Papers of John Adams, volume 16

From Thomas Barclay

From Joseph Reed

Edmund Jenings to John Adams, 7 May 1784 Jenings, Edmund Adams, John
From Edmund Jenings
Sir London May 7th. 1784.

I have the Honour of having received your Excellencys Letter, wherein I find a most Obliging Introduction to Mrs Adams, which I shall certainly make Use of, should I Ever have an Opportunity.1

I return your Excellency many Thanks for the Abbé de Mablys Book— it is put in to the Hands of a Gentleman to be translated & published, under the Stipulations, you have prescribed. Will your Excellency give me leave to beg of you to direct the Publisher in Holland to inform Mr Debret in Piccadilly, when the Original comes out,2 for perhaps I may not be Able to do it, in Consequence of a Letter, which I wrote last Night to Mr Bridgen: a Copy of which I here inclose3

I have tried every possible Means to avoid coming to Extremities: but the violence of my Ennemies & the Coolness of my Friends are too great to bear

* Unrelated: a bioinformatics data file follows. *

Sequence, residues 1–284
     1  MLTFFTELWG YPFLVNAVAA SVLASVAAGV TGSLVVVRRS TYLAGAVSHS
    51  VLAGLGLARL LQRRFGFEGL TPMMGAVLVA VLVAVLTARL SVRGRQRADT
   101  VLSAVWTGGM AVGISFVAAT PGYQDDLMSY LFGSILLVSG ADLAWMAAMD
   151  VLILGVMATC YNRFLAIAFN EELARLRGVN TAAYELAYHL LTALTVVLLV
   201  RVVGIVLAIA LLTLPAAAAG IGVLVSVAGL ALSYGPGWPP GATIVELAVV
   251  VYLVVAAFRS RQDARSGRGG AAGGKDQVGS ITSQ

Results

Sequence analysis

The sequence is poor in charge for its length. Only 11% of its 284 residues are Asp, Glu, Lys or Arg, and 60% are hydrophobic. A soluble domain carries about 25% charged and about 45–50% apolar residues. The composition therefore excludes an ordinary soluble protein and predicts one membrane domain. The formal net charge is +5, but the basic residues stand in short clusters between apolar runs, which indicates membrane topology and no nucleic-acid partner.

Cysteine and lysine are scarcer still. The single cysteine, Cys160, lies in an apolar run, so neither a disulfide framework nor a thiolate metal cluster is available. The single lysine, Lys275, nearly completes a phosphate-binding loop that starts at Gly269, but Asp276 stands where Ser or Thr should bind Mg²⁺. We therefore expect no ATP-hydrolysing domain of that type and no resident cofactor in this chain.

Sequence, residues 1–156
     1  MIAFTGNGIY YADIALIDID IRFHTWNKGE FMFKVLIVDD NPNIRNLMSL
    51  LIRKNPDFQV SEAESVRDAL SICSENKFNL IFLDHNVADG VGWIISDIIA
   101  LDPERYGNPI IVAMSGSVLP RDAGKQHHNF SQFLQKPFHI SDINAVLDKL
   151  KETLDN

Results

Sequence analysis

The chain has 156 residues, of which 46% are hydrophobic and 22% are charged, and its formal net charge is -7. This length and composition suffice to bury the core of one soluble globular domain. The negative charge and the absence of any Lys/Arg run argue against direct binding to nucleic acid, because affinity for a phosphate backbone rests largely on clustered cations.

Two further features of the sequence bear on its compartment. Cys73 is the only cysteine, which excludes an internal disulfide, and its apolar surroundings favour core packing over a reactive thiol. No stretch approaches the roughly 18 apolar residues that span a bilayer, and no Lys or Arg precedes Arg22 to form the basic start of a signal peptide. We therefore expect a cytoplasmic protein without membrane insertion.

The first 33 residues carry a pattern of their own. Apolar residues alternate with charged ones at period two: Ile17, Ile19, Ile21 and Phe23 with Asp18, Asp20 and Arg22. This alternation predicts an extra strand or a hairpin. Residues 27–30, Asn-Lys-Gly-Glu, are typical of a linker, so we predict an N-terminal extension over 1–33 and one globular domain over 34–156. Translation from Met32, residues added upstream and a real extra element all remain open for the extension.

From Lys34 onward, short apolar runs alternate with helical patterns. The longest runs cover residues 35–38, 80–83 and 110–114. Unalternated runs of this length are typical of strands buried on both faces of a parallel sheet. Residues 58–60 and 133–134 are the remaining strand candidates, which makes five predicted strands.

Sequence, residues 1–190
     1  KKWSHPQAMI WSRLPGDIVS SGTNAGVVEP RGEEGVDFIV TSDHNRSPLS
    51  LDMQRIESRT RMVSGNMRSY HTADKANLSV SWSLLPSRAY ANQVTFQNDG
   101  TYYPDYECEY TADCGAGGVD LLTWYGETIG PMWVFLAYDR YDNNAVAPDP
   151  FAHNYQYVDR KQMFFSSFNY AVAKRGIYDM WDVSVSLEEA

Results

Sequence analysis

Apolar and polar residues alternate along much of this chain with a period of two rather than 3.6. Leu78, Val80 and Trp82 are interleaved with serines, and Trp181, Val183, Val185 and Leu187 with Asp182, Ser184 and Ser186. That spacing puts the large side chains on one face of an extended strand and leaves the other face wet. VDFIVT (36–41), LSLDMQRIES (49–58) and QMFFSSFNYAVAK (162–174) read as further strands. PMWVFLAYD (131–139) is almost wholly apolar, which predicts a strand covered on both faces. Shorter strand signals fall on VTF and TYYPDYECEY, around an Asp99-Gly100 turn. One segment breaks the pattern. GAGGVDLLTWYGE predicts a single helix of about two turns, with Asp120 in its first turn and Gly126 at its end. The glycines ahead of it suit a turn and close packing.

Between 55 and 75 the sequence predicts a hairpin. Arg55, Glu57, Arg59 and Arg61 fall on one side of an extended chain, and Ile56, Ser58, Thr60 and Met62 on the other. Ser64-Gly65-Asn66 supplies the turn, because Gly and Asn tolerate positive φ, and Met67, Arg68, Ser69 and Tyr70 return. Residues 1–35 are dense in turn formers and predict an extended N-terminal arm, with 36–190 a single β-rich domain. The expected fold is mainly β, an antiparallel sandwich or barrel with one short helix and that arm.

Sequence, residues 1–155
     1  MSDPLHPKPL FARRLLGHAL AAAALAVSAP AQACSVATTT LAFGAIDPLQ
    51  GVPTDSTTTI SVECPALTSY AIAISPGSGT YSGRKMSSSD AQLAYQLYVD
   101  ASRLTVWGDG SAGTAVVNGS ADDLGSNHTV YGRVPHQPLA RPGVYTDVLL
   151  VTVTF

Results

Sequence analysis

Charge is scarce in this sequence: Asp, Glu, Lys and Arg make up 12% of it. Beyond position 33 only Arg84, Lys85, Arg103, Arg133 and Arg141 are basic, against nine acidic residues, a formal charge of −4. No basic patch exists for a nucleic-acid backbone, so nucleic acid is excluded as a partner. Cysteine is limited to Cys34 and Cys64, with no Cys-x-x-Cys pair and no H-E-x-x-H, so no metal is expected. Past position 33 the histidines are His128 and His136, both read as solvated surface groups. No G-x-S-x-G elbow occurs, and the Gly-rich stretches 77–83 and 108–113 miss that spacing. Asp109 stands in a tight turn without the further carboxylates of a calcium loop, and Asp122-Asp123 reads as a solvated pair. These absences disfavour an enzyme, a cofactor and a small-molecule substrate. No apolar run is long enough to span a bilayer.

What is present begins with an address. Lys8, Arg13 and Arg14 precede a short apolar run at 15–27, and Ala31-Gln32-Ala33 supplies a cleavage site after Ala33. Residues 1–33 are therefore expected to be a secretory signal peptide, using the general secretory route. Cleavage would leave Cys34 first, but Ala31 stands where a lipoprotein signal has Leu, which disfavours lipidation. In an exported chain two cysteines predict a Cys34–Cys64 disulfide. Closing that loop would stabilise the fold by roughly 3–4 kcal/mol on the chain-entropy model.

Should the worst happen to me, I trust your Excellency will not Suffer my Memory to be Insulted

May God bless you & yours in this sad World is the Prayer of / your Excellencys / Most Faithful Friend

Edm: Jenings
Copy Sir May 6th 1784.

The Sheets, which Accompany this, will Serve, I trust, as a full Answer to Mr Lawrens’s Pamphlet which, replete with the most 190 viralent Imputation & Charges, against me, was originated by you, who afforded Him the Pretences, on which He has Attacked my Character & has since Countenanced Him in the Exertions of his Malice4

Your whole Conduct in this Affair has astonished me & many others. I will not enter into it now but leave it to your private Reflections, being well Assured that altho, you have hitherto been deaf to what I have said & what others have offered to lay before you the Time will Come, when your Conscience will make itself be heard & you will be Sorry for the part you have taken.

I treated you in my Letter of the 30th of June with regard;5 on a Supposition, that you was not Entirely lost to the feelings of Friendship; & you will find, that I have done it with Tenderness in my Answer to Mr Lawrens out of Respect to my Benevolent Friend near you; but I am sensible I have done Enough, in vindicating my Character, which you wish to blast, to provoke your Utmost Rage.